Tucker We did an episode a while ago that talked about how a logo is not a brand. A logo is an asset that gets used to craft a perception. So if you thought that brands are just like your logo and move forward, we did a whole conversation on why that’s not the case. But, yes, you are right. The messaging, the logos, the visuals, and the verbals are all tools that we need to use to craft the overall perception.
Derek We know some great brands that don’t have great logos and we know some brands that have great logos but have a shallow, terrible brand behind them.
Tucker Just think about that as a toolbox. We’re just trying to build out the toolbox to be able to craft that overall perception of the organization or the product or whatever brand that we’re trying to focus on. But the key piece of branding is that it is long-term oriented. It is about building trust. It’s about building loyalty, and it’s about building recognition over time. Most people get into these projects and go, Okay, we’re going to want a 90-day turnaround and we’re going to want to see an impact from this in like three months or whatever. And you come back and say, Well, that’s great, but that’s not how this all works. The crafting of a perception takes time. It’s not quarters, it’s years. We’re trying to build into that perception. I think that sometimes gets lost when you have hungry business people who just want to get this done. They want to do it right now and have it make an impact right away.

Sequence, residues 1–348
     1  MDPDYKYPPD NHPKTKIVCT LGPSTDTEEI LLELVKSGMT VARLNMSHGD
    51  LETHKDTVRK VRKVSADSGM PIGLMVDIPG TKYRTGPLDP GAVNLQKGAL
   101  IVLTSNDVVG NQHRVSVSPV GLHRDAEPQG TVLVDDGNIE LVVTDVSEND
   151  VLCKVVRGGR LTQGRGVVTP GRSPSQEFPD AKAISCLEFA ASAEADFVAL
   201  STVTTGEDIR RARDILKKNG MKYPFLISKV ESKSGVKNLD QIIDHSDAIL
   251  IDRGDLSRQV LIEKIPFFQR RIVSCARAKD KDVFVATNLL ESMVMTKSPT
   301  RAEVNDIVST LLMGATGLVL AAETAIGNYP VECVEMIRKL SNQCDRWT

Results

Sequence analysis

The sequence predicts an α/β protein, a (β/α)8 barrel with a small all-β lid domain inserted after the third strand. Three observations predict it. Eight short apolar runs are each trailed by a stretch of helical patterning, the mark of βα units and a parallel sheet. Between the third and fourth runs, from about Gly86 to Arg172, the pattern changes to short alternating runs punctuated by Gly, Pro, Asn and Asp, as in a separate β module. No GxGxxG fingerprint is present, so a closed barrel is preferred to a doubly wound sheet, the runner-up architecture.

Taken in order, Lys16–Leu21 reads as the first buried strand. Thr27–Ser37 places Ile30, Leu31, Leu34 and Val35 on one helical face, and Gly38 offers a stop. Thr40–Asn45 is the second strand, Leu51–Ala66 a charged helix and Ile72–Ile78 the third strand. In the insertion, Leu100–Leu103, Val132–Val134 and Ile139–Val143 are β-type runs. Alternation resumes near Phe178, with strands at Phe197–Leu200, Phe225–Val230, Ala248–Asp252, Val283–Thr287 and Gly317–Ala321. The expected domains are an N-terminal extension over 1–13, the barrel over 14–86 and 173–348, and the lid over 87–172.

Derek The behind-the-scenes process of branding relies heavily on brand strategy and brand development. When we get into the activation part of that, that’s where marketing comes into play. But taking the time to be thoughtful and meaningful in that development is what leads to some brands that we created 15 years,18, or 20 years ago still being used successfully today.